After taking their oaths of office in January, newly minted President Joe Biden and Vice President Kamala Harris will face a number of daunting challenges: the ongoing pandemic and economic downturn; structural racial and ethnic injustice; widening economic inequality; inadequate access to affordable health care; and climate change. And Congress, facing the prospect of divided control, is unlikely to respond with robust legislative solutions that the American people expect and deserve.
The good news is that Biden and Harris will be able to meet these challenges head on by revitalizing governance and making effective use of the federal regulatory system. Better still, they can do so in a way that delivers justice and equity for all Americans.
Using the regulatory system as a policy tool is not easy under ideal circumstances, let alone during difficult times like these. For the last four years, the Trump administration has waged all-out war on “protector agencies” like the Environmental Protection Agency and the Food and Drug Administration, seeking to demolish them from the inside out. This assault comes after decades of neglect and underinvestment by previous administrations.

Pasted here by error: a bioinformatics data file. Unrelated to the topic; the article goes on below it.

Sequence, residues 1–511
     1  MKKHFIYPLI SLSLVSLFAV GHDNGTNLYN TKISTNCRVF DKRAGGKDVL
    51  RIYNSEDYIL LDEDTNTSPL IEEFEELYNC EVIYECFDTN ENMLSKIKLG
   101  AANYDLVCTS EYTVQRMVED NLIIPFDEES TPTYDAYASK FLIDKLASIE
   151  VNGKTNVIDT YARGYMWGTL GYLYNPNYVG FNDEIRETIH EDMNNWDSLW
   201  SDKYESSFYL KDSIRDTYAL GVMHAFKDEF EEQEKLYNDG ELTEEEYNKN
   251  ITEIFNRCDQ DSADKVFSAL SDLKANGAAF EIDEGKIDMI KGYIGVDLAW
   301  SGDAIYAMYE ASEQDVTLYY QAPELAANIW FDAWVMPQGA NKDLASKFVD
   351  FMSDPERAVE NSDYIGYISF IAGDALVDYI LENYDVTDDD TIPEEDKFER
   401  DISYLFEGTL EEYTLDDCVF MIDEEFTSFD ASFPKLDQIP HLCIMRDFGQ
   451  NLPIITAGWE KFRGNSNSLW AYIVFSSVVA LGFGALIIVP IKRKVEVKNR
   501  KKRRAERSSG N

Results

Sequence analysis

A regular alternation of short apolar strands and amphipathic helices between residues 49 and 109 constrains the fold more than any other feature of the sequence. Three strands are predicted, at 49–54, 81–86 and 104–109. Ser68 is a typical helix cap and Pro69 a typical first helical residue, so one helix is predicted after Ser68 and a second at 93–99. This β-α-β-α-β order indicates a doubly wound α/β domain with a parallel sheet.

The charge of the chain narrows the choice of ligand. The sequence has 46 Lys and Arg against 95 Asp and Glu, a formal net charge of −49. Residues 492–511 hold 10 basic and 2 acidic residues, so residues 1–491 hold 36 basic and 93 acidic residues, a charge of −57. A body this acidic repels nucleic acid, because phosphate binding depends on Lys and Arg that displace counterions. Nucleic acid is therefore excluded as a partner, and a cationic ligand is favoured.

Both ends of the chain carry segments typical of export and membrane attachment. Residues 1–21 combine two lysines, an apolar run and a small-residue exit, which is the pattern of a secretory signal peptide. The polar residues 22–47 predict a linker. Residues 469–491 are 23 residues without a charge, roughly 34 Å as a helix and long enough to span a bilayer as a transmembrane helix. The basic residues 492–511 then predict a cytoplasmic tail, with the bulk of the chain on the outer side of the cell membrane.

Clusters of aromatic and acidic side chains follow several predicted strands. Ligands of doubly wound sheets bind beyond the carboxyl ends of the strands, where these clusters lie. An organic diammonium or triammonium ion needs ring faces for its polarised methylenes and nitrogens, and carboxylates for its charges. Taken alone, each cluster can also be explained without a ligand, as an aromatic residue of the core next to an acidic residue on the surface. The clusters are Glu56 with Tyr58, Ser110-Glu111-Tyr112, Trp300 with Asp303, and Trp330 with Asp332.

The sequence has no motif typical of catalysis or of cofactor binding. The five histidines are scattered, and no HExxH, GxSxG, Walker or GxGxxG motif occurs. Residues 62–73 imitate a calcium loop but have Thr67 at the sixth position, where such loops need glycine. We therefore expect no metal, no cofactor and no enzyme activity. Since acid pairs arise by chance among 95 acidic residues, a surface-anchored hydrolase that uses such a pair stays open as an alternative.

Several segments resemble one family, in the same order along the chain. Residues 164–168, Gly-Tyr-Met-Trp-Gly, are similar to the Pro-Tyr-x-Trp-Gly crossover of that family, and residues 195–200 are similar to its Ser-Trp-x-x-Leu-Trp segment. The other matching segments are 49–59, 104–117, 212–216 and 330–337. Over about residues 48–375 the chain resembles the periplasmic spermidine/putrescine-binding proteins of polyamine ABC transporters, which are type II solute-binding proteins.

Biden and Harris can repair and rebuild the nation’s system of standards and safeguards. But they can and should do more — they should build it back better. In a series of memos to the Biden-Harris transition team, CPR Member Scholars Catherine O’Neill and Sid Shapiro join us in explaining how they can do so. Our comprehensive plan lays out how they can tackle the policy challenges ahead and steer our country toward a more just and equitable future.
Our recommendations focus on a new executive order to replace Executive Order 12866, which establishes the current framework for regulatory policy across executive branch agencies. Specifically, the new administration should overhaul (1) how the White House Office of Information and Regulatory Affairs (OIRA) reviews proposed protections and (2) how agencies assess the impacts of the rules they develop.
To build a more just regulatory system, we urge Biden and Harris to make the following 10 reforms:
We lay out each recommendation in greater detail in the following six memos: